Whereas most others speculating about how the pandemic will alter ordinary human life are focusing on virtual solutions — such as offices in the ether, and moving various branches of the performing arts online — the suit idea is about physical adaptation. Both pG and Production Club see it as a way to make social distancing more effective, but also of ending the suffering and harmful consequences of lockdowns, preserving familiar human connections and freedom of movement as far as possible.
ADDING COMPUTING TO CLOTHES
Both Production Club and pG — in the 1 April post here — have in different ways described garments with smartphone capabilities and high-tech sensors to monitor the suit-wearer’s environment and safety.
INCLUDING A RESPIRATORY SHIELD
Both the pG and Production Club envisionings equip a futuresuit with an N-95-grade respiratory mask, although p-G’s is replaceable and Production Club’s includes a sophisticated system of air filtration.
USING AESTHETICS AND COLOUR FOR ALLURE
The startling resemblance between the photograph of the suit used to announce the Micrashell (above) and the image in pG’s second post about an anti-Covid-19 suit — bright, vibrant colours against a black background — fit a shared recognition that aesthetic allure will make it more likely that young early adopters will want a futuresuit. Whereas pG pointed out that users would not necessarily have to look like astronauts and might be offered fitness-flaunting suits made of transparent materials, Risueño told NBC Los Angeles that his suit ‘is a little bit more of a fashion piece than something that looks like a medical device.’
There the similarities more or less end. Production Club’s version lacks pG’s disposable stick-on-strip-off double-gloves and soles for shoes, and suggestion of biodegradability as a bonus — but in all other respects, is a far more intricate and elaborate conception. It includes, for example, battery-powered sound and messaging systems described in detail in the comprehensive Globetrender report about it. It has provisions for eating and drinking by a suit-wearer, and anticipates that what goes in must eventually come out — the notorious loo-break nuisance of jumpsuits — which explains why it ends at the waist.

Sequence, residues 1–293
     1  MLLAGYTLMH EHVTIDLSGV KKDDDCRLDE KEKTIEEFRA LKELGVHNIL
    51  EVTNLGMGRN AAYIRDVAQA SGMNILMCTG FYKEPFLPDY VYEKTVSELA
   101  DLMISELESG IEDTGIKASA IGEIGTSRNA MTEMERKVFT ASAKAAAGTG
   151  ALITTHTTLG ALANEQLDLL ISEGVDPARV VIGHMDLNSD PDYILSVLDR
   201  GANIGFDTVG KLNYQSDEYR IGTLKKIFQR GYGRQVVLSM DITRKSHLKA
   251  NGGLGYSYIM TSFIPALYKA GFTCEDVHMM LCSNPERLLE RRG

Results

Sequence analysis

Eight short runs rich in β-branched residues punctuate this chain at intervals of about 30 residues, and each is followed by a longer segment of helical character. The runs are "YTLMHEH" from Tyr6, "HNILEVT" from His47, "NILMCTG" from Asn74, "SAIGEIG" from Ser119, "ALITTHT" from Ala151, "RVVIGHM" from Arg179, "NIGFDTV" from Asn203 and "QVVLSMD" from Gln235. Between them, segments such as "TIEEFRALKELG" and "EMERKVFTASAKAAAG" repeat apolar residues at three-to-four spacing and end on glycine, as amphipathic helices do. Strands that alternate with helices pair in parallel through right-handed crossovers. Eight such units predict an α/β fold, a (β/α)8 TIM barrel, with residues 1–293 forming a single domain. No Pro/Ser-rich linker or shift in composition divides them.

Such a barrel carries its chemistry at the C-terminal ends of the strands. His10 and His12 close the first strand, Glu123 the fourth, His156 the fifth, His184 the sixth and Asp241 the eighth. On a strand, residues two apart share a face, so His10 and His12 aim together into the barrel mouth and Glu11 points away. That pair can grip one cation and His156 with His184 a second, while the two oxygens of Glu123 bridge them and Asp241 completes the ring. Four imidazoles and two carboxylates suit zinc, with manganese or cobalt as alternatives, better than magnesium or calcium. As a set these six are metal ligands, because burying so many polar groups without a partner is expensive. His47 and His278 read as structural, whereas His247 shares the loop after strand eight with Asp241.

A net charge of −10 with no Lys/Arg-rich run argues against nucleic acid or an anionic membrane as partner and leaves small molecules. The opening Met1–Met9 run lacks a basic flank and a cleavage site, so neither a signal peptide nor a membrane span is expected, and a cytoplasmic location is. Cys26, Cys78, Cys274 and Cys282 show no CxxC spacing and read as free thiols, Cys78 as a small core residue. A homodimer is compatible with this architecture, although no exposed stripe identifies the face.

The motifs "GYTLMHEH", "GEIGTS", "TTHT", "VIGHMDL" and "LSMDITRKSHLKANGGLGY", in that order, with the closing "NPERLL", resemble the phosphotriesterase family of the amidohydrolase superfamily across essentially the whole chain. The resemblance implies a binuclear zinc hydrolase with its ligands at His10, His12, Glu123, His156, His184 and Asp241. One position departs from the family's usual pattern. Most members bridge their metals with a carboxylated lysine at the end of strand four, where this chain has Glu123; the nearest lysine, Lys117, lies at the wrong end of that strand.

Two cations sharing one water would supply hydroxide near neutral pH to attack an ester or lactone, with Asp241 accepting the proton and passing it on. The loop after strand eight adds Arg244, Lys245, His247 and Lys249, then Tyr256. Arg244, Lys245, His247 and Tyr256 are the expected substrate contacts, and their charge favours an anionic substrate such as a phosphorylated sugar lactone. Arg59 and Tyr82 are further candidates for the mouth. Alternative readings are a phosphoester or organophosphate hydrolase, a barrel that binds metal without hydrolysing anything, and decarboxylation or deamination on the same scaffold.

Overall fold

But a top-only half-suit like the Micrashell must inevitably sacrifice anti-virus protection to some degree and will surely have to be reconsidered. As thrilling as it is for the futurists among us, the Production Club prototype is bound to lose a few — probably, a lot — of its features to be manufacturable in the near future.
Something about Risueño is reminiscent of the spirit and pan-directional imagining of Steve Jobs — in conversations with him around 1980 — who emerged seemingly from nowhere to reorient the computer business for ordinary people. He paid unprecedented attention to elegant usability and fashion, giving these as much importance as technical minutiae in an era in which giant established computer-makers bored outsiders with jargon-laden droning about megaflops and ‘OEM’-marketing strategies (no, you really don’t want to know about those).
Miguel Risueño could be an imaginer too far ahead of his time, which is just as problematic as being a laggard (and in this respect too, would be a pG fellow-traveller). His name could be forgotten even six months from now. Or he — or someone very like him, from somewhere no one is expecting — could be the first of the new guard in the next transformation of computing.
** A fact-checking post-publication Google search on 29 May has turned up a Fast Company report on 27 April.